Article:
Letter of the day | On the value of the dollar
THE EDITOR, Sir:
Every so often, we hear complaints from Jamaican consumers that prices continue to increase despite the fact that the Jamaican dollar has been revalued in recent months.
In fact, the Jamaican dollar revalued from J$131.31 to US$1 on September 15 to J$125.12 to US$1 on December 27, i.e., by 4.7 per cent, while annual inflation to in November 2017 was 4.7 per cent with September experiencing 0.8 per cent and November 0.6 per cent.
Based on this, the Jamaican consumer has a case. The cost of living of the average Jamaican is increasing, while at the same time, the Jamaican dollar is being revalued. The Jamaican business person/retailer's answer that it takes some time for the revalued Jamaican dollar prices to flow through the system is a weak one as it relates to imported items. When the dollar was being devalued, local price increases were immediately implemented, and in fact, projected rate increases were built into costs.
The fact is that Jamaica is an island of importers, i.e., import and sell with very little value added. Most business people being importers are happy with the revaluation of the Jamaican dollar, importing at reduced cost, and not passing on the reduced costs to the consumer, and hoarding greater profits.
However, as we all know, Jamaica as a nation cannot achieve material growth (over three per cent) without exports playing a major part. Exporters are now suffering with their costs of production increasing due to inflation, while revenues from their exports are declining due to the revaluation of the Jamaican dollar.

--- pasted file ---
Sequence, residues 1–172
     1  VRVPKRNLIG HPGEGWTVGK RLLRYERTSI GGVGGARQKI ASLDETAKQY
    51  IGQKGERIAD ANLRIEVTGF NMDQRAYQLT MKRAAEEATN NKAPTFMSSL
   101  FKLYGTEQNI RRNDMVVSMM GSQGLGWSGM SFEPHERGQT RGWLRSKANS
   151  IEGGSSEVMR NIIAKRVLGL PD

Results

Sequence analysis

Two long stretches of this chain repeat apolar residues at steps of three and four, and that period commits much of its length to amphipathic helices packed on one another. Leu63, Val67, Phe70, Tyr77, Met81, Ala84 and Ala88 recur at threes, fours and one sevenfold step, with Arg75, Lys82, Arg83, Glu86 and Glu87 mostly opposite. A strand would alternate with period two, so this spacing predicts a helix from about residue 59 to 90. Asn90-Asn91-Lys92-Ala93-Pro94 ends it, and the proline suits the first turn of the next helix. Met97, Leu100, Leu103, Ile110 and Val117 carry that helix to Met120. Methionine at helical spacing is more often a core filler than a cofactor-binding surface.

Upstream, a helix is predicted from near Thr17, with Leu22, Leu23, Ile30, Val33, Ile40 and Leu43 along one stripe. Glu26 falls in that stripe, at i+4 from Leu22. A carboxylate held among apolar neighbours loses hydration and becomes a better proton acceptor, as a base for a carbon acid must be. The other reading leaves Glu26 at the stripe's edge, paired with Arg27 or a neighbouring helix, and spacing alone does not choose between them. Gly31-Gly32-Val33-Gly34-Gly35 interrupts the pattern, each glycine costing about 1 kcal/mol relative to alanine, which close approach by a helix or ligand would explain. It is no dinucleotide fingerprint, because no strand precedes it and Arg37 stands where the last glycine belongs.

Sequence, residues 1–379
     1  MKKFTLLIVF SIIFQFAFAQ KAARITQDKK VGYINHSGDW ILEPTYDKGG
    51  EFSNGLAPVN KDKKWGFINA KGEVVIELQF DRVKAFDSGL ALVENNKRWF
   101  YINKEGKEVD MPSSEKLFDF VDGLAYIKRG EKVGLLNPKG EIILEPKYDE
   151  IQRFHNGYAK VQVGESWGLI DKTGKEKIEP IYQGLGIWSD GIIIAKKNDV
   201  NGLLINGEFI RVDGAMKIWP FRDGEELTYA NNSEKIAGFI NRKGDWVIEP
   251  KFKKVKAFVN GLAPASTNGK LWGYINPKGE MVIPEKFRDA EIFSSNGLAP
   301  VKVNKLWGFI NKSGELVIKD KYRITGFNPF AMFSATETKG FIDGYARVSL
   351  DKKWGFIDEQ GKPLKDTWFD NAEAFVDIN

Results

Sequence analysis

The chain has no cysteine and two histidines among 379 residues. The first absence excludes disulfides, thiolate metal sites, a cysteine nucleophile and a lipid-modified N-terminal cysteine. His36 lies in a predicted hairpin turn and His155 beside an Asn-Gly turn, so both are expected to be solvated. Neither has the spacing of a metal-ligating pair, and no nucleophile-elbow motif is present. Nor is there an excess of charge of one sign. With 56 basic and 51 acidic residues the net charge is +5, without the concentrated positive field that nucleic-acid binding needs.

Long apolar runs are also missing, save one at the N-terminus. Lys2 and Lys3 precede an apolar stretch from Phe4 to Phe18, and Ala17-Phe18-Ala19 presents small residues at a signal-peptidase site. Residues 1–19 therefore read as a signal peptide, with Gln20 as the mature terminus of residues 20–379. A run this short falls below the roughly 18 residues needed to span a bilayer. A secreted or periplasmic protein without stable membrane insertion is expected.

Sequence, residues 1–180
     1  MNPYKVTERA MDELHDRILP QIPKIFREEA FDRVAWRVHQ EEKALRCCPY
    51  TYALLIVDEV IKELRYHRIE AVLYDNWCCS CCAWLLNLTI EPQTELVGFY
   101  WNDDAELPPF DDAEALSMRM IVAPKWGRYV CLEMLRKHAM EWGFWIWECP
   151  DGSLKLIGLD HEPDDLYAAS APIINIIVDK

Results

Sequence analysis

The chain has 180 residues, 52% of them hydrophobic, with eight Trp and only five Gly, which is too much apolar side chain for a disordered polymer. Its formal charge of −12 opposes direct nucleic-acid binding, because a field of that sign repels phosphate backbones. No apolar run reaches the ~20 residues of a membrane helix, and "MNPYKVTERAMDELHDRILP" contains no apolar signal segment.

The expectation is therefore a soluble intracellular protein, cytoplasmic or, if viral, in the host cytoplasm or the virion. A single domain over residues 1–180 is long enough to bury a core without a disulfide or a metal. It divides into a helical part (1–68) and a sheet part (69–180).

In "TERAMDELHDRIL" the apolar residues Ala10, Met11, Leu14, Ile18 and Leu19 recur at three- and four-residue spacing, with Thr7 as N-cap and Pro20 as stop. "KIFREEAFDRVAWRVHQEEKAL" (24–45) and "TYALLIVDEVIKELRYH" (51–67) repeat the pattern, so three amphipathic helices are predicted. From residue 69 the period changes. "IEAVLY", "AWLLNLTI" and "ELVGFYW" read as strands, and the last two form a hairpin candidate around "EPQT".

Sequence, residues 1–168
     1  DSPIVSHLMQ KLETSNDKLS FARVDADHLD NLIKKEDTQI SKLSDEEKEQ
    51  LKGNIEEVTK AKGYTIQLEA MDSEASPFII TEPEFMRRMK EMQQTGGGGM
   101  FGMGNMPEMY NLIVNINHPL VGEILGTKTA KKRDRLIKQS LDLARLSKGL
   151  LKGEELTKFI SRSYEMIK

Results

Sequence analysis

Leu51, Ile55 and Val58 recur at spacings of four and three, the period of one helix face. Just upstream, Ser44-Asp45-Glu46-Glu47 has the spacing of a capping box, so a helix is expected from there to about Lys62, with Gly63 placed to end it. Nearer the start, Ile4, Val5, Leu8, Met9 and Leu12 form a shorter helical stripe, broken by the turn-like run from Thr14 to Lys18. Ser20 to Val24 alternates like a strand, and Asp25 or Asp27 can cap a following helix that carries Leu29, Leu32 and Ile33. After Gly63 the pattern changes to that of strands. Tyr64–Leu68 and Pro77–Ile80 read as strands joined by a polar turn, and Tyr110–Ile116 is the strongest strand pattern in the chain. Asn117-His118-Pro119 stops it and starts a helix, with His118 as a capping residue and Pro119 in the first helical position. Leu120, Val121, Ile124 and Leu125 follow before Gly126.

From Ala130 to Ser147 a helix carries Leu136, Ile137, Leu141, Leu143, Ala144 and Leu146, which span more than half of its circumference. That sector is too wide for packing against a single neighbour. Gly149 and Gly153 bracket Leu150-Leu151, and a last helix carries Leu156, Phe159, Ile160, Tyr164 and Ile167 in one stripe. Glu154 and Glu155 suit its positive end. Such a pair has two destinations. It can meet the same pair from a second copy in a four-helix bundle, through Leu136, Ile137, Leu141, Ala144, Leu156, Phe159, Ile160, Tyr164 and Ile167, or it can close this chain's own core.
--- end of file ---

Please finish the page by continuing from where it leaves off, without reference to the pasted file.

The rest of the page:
We do not hear the same level of complaints because Jamaicans are a nation of importers. Our trade deficit is deteriorating 21 per cent in 2017 compared to 2016, which is not sustainable in the long term.
Revaluation of the Jamaican dollar can be more detrimental to the local economy, jobs, and growth than devaluation because of the effect it has on our exports.
What is needed is a stable Jamaican dollar devaluing only to reflect the inflation differential between Jamaica and its principal trading partner, the USA, i.e., approximately three per cent. This is necessary to keep our exports competitive and give our nation a fighting chance to achieve material growth.
Immediate past president of the Jamaica Chamber of Commerce